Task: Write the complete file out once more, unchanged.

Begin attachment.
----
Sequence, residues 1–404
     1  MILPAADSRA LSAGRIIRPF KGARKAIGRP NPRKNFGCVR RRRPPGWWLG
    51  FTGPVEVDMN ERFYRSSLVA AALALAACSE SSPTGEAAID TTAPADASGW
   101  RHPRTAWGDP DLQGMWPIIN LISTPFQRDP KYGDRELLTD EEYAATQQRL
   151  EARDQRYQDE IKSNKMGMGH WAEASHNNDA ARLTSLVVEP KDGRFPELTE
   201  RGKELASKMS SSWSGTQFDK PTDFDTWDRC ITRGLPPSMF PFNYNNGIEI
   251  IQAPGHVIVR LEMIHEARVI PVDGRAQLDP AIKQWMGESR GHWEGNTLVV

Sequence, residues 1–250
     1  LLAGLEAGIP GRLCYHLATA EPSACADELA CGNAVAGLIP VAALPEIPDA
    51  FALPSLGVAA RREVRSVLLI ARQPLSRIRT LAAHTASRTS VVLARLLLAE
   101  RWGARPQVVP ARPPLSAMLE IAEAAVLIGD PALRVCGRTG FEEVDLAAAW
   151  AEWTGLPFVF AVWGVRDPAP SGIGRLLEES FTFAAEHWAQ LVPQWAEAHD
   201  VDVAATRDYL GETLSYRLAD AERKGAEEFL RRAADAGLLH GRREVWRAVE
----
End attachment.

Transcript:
Sequence, residues 1–404
     1  MILPAADSRA LSAGRIIRPF KGARKAIGRP NPRKNFGCVR RRRPPGWWLG
    51  FTGPVEVDMN ERFYRSSLVA AALALAACSE SSPTGEAAID TTAPADASGW
   101  RHPRTAWGDP DLQGMWPIIN LISTPFQRDP KYGDRELLTD EEYAATQQRL
   151  EARDQRYQDE IKSNKMGMGH WAEASHNNDA ARLTSLVVEP KDGRFPELTE
   201  RGKELASKMS SSWSGTQFDK PTDFDTWDRC ITRGLPPSMF PFNYNNGIEI
   251  IQAPGHVIVR LEMIHEARVI PVDGRAQLDP AIKQWMGESR GHWEGNTLVV

Sequence, residues 1–250
     1  LLAGLEAGIP GRLCYHLATA EPSACADELA CGNAVAGLIP VAALPEIPDA
    51  FALPSLGVAA RREVRSVLLI ARQPLSRIRT LAAHTASRTS VVLARLLLAE
   101  RWGARPQVVP ARPPLSAMLE IAEAAVLIGD PALRVCGRTG FEEVDLAAAW
   151  AEWTGLPFVF AVWGVRDPAP SGIGRLLEES FTFAAEHWAQ LVPQWAEAHD
   201  VDVAATRDYL GETLSYRLAD AERKGAEEFL RRAADAGLLH GRREVWRAVE